I can find comprehensive data for the Ford EV1 (single pintle) 19 lb injector, and also for both EV1 and EV6 24lb injectors.. but I can't find any opening time data for 19lb Bosch 4-hole EV6 injectors.
Short answer is no, not that I've been able to find. There is data for the Ford Motorsports part#'s, but not the Bosch part#'s. And the charts that I have seen, such as the one that Jeff posted a while back (above), don't include part numbers...

If you are switching from stock 19# to something different (e.g. newer 19#) then it is pretty easy to find an appropriate opening-time (latency) with Sharktuner, assuming you have a decent fuel mapping for idle (e.g. AFR close to soich in non-cat mode, or O2-adjust averages within a few percent of zero using the NBO2 sensor in cat mode). All you have to do is get the car started and warmed up, then fiddle with ST's opening-time until the AFR (or Ox-adjust) comes out right. If the idle fuel is too rich, then reduce opening-time and vice-versa. The opening time number should come out somewhere between 0.7 and 1.5 ms.

The theory is this: LH starts with the MAF reading (which won't change with different injectors), calculates a "net" injection time, then adds the opening time. If you change to a "quicker" injector then the fuel will be too rich (the actual injector-open time is longer, because it opened faster than the old injectors). So if you reduce ST's opening-time, then that reduces the total injector time, so that the actual injector open-time comes out the same as before.

This is only a first approximation, because injector-opening isn't a simple linear function and the flow rate is probably not exactly as advertised. So you will still need to at least check the fuel mapping, but it should be close.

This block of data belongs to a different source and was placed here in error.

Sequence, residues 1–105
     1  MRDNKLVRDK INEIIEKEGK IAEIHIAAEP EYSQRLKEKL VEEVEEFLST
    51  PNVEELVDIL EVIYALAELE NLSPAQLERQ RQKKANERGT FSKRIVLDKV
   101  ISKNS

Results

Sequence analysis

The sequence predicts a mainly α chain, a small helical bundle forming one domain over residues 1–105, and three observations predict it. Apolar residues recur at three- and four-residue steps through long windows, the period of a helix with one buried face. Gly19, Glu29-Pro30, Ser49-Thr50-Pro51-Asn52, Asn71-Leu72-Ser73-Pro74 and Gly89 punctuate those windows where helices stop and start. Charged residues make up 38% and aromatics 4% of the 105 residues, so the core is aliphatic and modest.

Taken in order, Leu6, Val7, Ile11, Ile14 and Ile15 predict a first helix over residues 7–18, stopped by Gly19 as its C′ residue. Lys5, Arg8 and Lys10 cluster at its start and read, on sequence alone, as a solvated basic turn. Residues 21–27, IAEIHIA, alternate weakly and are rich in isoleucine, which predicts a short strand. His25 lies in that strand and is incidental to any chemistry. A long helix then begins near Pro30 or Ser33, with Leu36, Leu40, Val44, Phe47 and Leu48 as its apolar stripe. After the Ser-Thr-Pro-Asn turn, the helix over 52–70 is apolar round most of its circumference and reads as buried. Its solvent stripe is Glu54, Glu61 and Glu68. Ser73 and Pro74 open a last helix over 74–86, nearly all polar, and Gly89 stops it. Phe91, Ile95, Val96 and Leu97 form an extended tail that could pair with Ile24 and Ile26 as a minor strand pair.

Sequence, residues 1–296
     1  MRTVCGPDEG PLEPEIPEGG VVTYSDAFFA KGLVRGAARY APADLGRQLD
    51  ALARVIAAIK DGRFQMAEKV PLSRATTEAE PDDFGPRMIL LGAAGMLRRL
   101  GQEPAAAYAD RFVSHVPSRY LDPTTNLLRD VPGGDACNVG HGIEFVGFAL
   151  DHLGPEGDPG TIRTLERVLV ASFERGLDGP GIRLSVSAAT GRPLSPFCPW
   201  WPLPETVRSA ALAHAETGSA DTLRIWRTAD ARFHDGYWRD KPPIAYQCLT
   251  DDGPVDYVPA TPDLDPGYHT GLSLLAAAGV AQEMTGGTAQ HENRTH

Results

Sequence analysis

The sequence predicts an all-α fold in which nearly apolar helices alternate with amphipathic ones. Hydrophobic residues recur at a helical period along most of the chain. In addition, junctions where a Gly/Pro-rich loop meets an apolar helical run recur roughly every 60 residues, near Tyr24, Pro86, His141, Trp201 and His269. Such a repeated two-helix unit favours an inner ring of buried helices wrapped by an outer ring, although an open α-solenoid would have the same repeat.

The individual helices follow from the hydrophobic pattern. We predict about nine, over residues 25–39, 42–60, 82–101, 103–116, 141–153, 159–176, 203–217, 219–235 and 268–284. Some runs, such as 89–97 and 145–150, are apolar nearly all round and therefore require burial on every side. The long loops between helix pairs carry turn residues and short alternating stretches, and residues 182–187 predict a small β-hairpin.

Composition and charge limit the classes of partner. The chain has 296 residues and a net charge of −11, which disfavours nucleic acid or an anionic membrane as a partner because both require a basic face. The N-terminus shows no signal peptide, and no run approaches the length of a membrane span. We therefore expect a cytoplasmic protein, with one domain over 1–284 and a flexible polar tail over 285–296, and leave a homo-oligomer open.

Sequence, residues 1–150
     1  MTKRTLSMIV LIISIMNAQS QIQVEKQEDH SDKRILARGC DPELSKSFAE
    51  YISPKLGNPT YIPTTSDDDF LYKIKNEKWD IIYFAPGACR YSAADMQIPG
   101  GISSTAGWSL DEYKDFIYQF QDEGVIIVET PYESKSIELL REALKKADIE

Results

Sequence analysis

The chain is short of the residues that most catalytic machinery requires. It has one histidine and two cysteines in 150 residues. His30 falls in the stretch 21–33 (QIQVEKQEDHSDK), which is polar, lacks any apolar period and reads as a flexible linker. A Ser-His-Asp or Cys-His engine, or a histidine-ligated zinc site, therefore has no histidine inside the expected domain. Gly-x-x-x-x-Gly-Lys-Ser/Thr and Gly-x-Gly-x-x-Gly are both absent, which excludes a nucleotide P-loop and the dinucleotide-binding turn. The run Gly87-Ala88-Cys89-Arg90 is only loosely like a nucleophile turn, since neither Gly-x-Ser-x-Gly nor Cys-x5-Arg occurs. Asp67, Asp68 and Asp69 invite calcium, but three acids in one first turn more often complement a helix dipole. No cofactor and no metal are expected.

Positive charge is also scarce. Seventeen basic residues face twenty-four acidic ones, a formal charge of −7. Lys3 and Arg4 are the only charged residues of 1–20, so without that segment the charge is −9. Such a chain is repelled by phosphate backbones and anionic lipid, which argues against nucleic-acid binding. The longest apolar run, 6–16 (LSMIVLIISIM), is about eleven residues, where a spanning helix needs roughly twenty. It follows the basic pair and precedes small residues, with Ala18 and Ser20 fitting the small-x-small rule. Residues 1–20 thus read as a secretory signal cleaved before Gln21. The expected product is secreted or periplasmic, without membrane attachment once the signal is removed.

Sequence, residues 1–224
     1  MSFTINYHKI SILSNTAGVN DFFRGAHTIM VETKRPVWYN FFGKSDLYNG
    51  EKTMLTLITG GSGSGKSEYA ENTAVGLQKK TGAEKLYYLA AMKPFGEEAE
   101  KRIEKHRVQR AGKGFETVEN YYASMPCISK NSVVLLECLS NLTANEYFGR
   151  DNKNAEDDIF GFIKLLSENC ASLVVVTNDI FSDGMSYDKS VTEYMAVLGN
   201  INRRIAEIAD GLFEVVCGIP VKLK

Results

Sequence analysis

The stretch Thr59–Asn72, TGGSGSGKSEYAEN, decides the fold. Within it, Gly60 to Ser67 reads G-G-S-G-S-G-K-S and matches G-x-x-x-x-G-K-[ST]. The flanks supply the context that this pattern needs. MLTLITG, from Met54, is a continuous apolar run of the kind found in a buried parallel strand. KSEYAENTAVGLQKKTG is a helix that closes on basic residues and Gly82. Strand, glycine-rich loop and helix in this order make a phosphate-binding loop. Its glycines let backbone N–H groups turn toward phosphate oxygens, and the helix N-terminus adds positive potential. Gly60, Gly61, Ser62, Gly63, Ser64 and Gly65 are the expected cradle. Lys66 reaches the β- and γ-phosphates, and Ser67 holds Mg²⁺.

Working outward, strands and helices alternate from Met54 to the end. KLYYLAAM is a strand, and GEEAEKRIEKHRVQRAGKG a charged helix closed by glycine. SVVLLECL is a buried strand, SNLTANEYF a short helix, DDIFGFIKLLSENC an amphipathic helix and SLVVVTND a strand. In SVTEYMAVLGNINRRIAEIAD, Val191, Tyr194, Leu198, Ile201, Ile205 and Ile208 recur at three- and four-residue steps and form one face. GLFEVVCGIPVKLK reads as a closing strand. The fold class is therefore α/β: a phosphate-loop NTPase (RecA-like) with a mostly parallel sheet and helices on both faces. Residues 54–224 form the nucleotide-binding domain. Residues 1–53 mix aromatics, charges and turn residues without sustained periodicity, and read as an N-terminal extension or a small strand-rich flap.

Cheers, Jim
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Old 01-14-2013, 05:14 PM
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Originally Posted by jcorenman View Post
Short answer is no, not that I've been able to find. There is data for the Ford Motorsports part#'s, but not the Bosch part#'s.
Yep, thats what I concluded with a fairly exhaustive google (mostly finding ford forums where people want the data to change injectors and adjust the factory ecu to match).

Not a huge issue for now - I'll just tune AFR's for the new injectors.

What we need is someone with a good selection of injectors, and an oscilloscope

Here's an excellent page on measuring injector waveforms:

http://www.automotivetestsolutions.c...rWaveforms.htm

(link came from this good discussion on opening times at megasquirt forums http://www.msextra.com/forums/viewto...p?f=89&t=31326)
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Old 01-15-2013, 09:52 AM
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Ok.. some digging..